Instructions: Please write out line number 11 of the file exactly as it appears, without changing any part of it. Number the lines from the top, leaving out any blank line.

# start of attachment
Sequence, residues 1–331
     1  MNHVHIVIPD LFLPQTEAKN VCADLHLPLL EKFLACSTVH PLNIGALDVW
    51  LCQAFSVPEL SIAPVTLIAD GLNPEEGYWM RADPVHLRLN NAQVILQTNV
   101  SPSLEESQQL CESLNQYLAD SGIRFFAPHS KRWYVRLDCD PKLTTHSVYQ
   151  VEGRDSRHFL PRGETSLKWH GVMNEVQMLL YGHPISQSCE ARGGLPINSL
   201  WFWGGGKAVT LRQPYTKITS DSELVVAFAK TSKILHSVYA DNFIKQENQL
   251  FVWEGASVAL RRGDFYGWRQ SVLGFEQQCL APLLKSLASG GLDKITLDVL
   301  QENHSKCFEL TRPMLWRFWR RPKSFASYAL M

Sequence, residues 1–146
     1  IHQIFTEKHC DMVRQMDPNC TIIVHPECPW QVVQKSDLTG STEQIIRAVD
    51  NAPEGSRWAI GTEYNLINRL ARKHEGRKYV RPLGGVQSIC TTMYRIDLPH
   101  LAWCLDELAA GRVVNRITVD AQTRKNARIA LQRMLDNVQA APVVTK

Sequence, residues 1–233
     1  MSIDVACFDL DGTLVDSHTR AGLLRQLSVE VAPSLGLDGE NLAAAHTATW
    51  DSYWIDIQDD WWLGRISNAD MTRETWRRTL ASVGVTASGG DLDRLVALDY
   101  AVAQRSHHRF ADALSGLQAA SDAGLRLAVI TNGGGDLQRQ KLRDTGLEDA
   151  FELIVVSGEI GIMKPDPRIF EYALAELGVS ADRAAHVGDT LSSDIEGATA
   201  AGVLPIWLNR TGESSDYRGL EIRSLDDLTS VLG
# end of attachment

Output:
    51  NAPEGSRWAI GTEYNLINRL ARKHEGRKYV RPLGGVQSIC TTMYRIDLPH